High achievers may take on the challenge of the splendid ground-floor leisure facilities, which include a swimming pool, steam room, gym and games room, or chill out on the floor below in the state-of-the-art cinema, the cocktail bar or the splendidly equipped wine cellar. But, for those who really can’t remember how their day went, the second-floor study will provide the perfect bolthole in which to gather their thoughts.
Thanks to its policy of buying ‘the best plots in the best parts of the best areas’, Octagon has managed to carry on building throughout the recession, whereas some others operating in this high-risk sector of the market have preferred to batten down the hatches and ride out the financial storm.
This has been the case in the gilded, ultra-secure enclave of St George’s Hill, Weybridge, Surrey, says Tim Garbett of Knight Frank (01372 464496), who, during his 30 years on The Hill, has counted most of its 428 houses out and many back in again. ‘It takes up to two-and-a-half years to build a new house on St George’s Hill and many people who want to live there can’t afford to wait that long. Last year, 38 plots and houses were sold here at prices ranging from £1.4m to £15.5m: this year, we’re waiting on a range of new builds currently under construction at between £8m and £25m.’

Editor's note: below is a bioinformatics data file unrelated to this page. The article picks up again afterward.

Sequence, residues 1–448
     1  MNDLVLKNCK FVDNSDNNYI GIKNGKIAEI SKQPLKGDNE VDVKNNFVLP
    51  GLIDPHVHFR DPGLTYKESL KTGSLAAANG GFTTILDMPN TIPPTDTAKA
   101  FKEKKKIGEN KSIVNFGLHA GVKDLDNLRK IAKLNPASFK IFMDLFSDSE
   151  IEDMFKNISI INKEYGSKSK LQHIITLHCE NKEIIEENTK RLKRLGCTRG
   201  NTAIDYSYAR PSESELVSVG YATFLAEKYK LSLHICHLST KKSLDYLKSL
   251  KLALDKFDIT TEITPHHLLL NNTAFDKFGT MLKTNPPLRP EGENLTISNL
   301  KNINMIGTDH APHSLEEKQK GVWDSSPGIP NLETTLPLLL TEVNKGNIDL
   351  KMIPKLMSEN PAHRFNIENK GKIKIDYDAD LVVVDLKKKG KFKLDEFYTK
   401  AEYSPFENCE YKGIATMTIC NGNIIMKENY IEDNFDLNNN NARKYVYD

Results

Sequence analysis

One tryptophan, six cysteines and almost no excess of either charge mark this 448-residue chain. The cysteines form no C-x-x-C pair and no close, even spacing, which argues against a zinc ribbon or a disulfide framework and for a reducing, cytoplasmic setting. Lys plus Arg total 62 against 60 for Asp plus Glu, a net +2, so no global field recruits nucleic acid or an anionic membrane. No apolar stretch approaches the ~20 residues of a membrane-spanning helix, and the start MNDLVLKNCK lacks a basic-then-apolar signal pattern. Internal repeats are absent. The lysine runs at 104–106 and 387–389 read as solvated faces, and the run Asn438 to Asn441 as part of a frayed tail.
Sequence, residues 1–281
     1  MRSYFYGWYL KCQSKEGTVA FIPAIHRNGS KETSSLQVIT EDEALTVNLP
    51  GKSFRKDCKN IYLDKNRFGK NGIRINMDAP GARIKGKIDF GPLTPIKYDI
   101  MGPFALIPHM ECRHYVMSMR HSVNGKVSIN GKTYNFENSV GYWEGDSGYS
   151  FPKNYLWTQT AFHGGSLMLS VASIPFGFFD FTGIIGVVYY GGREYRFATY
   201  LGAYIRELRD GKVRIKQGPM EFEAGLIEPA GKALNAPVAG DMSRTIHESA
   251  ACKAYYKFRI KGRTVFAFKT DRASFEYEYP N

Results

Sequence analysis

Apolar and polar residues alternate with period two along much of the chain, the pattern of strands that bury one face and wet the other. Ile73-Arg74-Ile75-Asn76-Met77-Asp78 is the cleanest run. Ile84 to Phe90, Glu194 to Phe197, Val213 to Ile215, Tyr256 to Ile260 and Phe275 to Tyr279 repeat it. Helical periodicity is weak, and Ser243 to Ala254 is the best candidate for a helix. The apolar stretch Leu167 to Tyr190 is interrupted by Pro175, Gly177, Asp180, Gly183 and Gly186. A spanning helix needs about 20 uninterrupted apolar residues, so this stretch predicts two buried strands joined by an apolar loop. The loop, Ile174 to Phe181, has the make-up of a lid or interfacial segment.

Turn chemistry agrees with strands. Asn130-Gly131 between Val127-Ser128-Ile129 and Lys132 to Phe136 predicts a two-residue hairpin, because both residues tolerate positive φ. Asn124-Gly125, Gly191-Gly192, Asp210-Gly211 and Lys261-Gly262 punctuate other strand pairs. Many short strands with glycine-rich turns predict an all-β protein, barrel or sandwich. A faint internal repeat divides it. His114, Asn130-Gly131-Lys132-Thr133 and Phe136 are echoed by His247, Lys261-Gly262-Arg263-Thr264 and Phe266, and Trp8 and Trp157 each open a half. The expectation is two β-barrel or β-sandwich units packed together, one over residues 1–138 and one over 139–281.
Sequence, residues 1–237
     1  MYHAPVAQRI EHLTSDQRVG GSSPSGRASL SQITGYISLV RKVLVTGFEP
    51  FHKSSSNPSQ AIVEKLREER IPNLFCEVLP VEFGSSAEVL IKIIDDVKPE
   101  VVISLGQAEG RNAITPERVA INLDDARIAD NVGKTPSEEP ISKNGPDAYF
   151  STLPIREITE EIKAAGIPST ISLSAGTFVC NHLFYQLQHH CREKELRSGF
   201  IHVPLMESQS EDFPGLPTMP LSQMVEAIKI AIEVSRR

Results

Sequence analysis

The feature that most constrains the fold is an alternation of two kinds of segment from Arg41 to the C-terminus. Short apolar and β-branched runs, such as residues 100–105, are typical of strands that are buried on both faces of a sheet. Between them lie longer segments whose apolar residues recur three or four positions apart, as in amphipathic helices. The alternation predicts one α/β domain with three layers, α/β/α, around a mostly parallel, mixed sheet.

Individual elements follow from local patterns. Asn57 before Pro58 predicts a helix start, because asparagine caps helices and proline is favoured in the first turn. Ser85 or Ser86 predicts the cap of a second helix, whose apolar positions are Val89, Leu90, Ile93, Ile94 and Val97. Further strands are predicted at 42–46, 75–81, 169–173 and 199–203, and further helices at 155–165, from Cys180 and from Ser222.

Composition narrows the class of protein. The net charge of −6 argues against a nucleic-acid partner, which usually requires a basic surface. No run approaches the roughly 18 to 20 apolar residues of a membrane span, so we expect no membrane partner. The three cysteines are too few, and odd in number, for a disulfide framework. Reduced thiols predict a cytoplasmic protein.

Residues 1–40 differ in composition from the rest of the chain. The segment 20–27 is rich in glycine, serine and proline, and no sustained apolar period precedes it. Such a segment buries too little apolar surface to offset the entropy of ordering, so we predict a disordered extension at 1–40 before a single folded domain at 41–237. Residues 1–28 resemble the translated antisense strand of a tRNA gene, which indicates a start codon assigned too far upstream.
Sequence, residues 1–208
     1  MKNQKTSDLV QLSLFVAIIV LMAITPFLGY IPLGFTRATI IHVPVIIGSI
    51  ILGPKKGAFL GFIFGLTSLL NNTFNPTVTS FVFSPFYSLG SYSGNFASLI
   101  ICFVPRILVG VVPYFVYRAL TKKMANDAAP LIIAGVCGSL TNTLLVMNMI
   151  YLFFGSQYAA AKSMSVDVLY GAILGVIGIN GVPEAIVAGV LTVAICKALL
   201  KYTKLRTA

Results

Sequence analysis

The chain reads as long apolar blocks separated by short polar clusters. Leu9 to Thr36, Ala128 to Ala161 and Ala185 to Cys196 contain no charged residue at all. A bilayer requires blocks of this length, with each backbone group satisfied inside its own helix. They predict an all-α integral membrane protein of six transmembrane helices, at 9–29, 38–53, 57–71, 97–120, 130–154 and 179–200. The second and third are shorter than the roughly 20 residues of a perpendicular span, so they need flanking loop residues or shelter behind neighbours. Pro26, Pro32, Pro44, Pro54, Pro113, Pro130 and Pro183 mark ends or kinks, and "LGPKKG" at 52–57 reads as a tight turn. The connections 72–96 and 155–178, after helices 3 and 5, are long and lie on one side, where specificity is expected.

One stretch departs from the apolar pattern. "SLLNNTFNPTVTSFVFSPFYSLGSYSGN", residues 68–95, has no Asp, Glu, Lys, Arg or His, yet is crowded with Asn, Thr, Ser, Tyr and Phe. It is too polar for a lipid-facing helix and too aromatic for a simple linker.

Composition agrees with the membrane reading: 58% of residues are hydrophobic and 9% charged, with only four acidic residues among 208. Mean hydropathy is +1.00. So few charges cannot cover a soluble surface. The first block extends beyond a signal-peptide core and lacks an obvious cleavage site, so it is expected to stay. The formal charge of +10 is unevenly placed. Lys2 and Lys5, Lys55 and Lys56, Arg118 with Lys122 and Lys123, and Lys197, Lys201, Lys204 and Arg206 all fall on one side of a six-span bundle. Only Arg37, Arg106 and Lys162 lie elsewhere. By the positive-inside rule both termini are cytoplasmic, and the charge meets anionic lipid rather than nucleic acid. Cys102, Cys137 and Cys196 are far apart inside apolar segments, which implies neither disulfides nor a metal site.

A masterpiece of modern family design: Centurion House at St George’s
Hill, Surrey, boasts a splendid entrance hall, wine cellar and swimming
pool complex. Knight Frank, £11.75m.
The pick of Mr Garbett’s current portfolio is the imposing, 11,278sq ft Centurion House in West Road, St George’s Hill, which stands in a prime position close to the estate’s tennis and golf clubs. Built on three floors to its current owners’ own exacting standards, the house is a masterpiece of modern family design, with a splendid entrance hall, stylish reception rooms, six first-floor bedroom suites, a magnificent wine cellar and a double-height indoor swimming-pool complex.
A rising driveway leads up to the house, creating a real sense of arrival and, at a guide price of £11.75m, Centurion House represents a real New Year’s gift for a discerning buyer, Mr Garbett believes.